Natural variation is present for coumarin synthesis in A. thaliana, with multiple QTL controlling this trait in plants grown without stress treatments (Siwinska et al., 2014). Variation for fluorescent exudate production in response to Fe deficiency and alkalinity stress conditions is also present in the soybean IDC sensitive and tolerant lines used in this study. Notably, the major chromosome 3 QTL region may also contain one of the F'6H1 homologs (Glyma.03g096500) that was strongly upregulated by Fe deficiency and Bic treatment and was more abundant in the IDC tolerant line. Several other previously mapped IDC QTL intervals contained potential phenylpropanoid synthesis genes that were upregulated by Fe deficiency or alkaline stress, including a cytochrome P450 family gene (Glyma.04g035600). There are also MYB genes, which may be involved in regulating the phenylpropanoid synthesis pathway, in QTL regions on chromosomes 2, 4, 11, 14, 16, and 19. These results indicate that differences in coumarin production may underlie some of the IDC QTL.
This study has indicated a correlation between FluRE quantity and IDC tolerance, and has indicated specific genes that may be involved in the regulation, synthesis, and efflux of these compounds. Further physiological studies to fully define the roles for FluREs in Fe deficiency and IDC tolerance will be helpful. A future direction will be to test whether FluRE quantities from other soybean varieties correlate with IDC tolerance. Our transcriptomic results for alkaline stress and Fe deficiency regulated genes can be a valuable resource for other researchers to cross-reference to genetic studies. It will be useful to extend the study of FluRE to linkage mapping populations to further understand genetic control of FluRE production, and to determine whether FluRE contribute to IDC tolerance. The IDC tolerant and susceptible parents from this study were used to develop a 320-line F6-derived F8 recombinant inbred line (RIL) population, which was phenotyped in the field for IDC (Kocak, 2014). Thus, we plan to use this population to identify the factors controlling IDC tolerance and FluRE production.
BW designed and conducted experiments, analyzed data, and wrote the manuscript. KA designed RNA-seq protocols and performed transcriptomic analysis. GG provided soybean germplasm and analyzed data. All authors edited and approved the final manuscript.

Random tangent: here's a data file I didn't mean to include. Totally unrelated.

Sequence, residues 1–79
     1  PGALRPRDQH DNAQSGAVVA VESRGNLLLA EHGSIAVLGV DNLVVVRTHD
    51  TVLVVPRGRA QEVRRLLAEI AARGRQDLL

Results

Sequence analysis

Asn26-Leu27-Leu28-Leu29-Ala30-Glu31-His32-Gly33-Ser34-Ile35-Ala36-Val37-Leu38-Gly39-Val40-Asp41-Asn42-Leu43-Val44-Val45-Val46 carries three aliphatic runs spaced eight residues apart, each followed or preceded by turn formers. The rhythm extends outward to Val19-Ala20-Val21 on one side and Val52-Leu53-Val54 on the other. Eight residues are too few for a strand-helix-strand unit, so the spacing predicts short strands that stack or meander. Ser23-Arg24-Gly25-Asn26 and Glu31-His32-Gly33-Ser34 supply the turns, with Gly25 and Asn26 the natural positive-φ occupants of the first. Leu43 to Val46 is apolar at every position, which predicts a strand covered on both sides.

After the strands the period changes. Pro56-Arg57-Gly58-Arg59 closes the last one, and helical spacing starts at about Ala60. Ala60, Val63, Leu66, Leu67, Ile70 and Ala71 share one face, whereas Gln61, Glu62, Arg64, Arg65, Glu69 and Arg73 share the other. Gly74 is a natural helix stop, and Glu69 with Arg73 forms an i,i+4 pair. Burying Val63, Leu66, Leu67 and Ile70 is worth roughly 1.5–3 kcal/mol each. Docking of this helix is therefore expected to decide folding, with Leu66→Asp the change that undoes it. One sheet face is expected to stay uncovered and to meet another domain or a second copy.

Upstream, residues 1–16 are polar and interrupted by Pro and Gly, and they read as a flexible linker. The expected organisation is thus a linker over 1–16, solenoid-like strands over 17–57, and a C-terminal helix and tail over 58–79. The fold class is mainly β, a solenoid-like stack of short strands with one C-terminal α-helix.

Conflict of Interest Statement
The authors declare that the research was conducted in the absence of any commercial or financial relationships that could be construed as a potential conflict of interest.
The authors thank the Nebraska Soybean Board for funding for this work. The authors thank Tony Delaney and Erin Kinley for technical assistance, and Dr. Javier Seravalli for mineral analysis assistance. This research was partially supported by the Nebraska Agricultural Experiment Station with funding from the Hatch Act (Accession Number 1007260) through the USDA National Institute of Food and Agriculture. The University of Nebraska DNA Sequencing Core receives partial support from the National Institute for General Medical Science (NIGMS) INBRE—P20GM103427-14 and COBRE—1P30GM110768-01 grants as well as The Fred & Pamela Buffett Cancer Center Support Grant—P30CA036727. This publication's contents are the sole responsibility of the authors and do not necessarily represent the official views of the NIH or NIGMS. Part of this work was presented at the “Legumes Workshop” at the Plant and Animal Genome conference in January, 2016.
The Supplementary Material for this article can be found online at: https://www.frontiersin.org/articles/10.3389/fpls.2018.00010/full#supplementary-material
Supplementary Figure 1. Diagram of phenylpropanoid synthesis pathway genes.
Supplementary Table 1. All genes that were differentially expressed by Fe or Bic treatments.
Supplementary Table 2. Selected differentially expressed genes.
Supplementary Table 3. Soybean homologs of Arabidopsis genes that are upregulated by microorganisms.
Supplementary Table 4. Thousand six hundred and twenty-six genes that were differentially expressed between genotypes and also were differentially expressed by Fe or Bic treatments.
Supplementary Table 5. Differentially expressed genes that correspond to previous QTL intervals.
IDC, iron deficiency chlorosis; FluRE, fluorescent root exudates; Bic, bicarbonate; FCR, ferric-chelate reductase.
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Keywords: soybean, iron deficiency chlorosis, IDC, phenylpropanoid, transcriptomics, alkalinity stress
Citation: Waters BM, Amundsen K and Graef G (2018) Gene Expression Profiling of Iron Deficiency Chlorosis Sensitive and Tolerant Soybean Indicates Key Roles for Phenylpropanoids under Alkalinity Stress. Front. Plant Sci. 9:10. doi: 10.3389/fpls.2018.00010
Received: 23 October 2017; Accepted: 03 January 2018;
Published: 19 January 2018.
Edited by:Felipe Klein Ricachenevsky, Universidade Federal de Santa Maria, Brazil
Reviewed by:Hannetz Roschzttardtz, Pontificia Universidad Católica de Chile, Chile
Huei-Hsuan Tsai, Academia Sinica, Taiwan
Copyright © 2018 Waters, Amundsen and Graef. This is an open-access article distributed under the terms of the Creative Commons Attribution License (CC BY). The use, distribution or reproduction in other forums is permitted, provided the original author(s) or licensor are credited and that the original publication in this journal is cited, in accordance with accepted academic practice. No use, distribution or reproduction is permitted which does not comply with these terms.
*Correspondence: Brian M. Waters, email@example.com